Let’s check out some evaluations we have now within the dataset.

[1] "I've purchased a number of of the Vitality canned pet food merchandise ...
[2] "Product arrived labeled as Jumbo Salted Peanuts...the peanuts ... 


We’ll start with some textual content pre-processing utilizing a keras text_tokenizer(). The tokenizer shall be
accountable for reworking every evaluation right into a sequence of integer tokens (which can subsequently be used as
enter into the skip-gram mannequin).

tokenizer <- text_tokenizer(num_words = 20000)
tokenizer %>% fit_text_tokenizer(evaluations)

Notice that the tokenizer object is modified in place by the decision to fit_text_tokenizer().
An integer token shall be assigned for every of the 20,000 most typical phrases (the opposite phrases will
be assigned to token 0).

Skip-Gram Mannequin

Within the skip-gram mannequin we’ll use every phrase as enter to a log-linear classifier
with a projection layer, then predict phrases inside a sure vary earlier than and after
this phrase. It could be very computationally costly to output a chance
distribution over all of the vocabulary for every goal phrase we enter into the mannequin. As an alternative,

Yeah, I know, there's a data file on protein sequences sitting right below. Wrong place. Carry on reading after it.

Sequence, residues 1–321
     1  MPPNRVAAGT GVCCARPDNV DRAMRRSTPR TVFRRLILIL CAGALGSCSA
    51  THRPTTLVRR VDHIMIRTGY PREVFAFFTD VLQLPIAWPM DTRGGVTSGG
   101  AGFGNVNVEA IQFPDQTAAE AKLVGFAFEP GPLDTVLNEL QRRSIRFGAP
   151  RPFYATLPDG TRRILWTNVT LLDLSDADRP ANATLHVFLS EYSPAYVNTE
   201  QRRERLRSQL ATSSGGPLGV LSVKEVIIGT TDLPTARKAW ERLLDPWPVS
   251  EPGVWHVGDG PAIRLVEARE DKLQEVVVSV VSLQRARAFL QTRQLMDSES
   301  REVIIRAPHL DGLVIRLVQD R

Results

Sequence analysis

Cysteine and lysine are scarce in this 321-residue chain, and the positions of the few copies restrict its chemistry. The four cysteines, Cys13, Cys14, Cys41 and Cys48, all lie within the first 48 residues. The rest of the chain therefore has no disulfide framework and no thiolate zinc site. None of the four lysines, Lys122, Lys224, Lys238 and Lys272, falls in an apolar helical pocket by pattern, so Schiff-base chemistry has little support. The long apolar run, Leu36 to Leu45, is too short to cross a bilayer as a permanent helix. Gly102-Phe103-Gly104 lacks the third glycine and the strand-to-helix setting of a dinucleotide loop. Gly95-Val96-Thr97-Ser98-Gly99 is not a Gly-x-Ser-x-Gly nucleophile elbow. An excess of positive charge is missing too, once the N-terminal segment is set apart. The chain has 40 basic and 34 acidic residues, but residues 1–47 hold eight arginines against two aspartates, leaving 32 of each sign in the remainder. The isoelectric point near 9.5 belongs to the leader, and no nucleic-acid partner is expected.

we’re going to use detrimental sampling, that means we’ll pattern some phrases that don’t
seem within the context and practice a binary classifier to foretell if the context phrase we
handed is really from the context or not.

In additional sensible phrases, for the skip-gram mannequin we’ll enter a 1d integer vector of
the goal phrase tokens and a 1d integer vector of sampled context phrase tokens. We are going to
generate a prediction of 1 if the sampled phrase actually appeared within the context and 0 if it didn’t.

We are going to now outline a generator perform to yield batches for mannequin coaching.

skipgrams_generator <- perform(textual content, tokenizer, window_size, negative_samples) {
  gen <- texts_to_sequences_generator(tokenizer, pattern(textual content))
  perform() {
    skip <- generator_next(gen) %>%
        vocabulary_size = tokenizer$num_words, 
        window_size = window_size,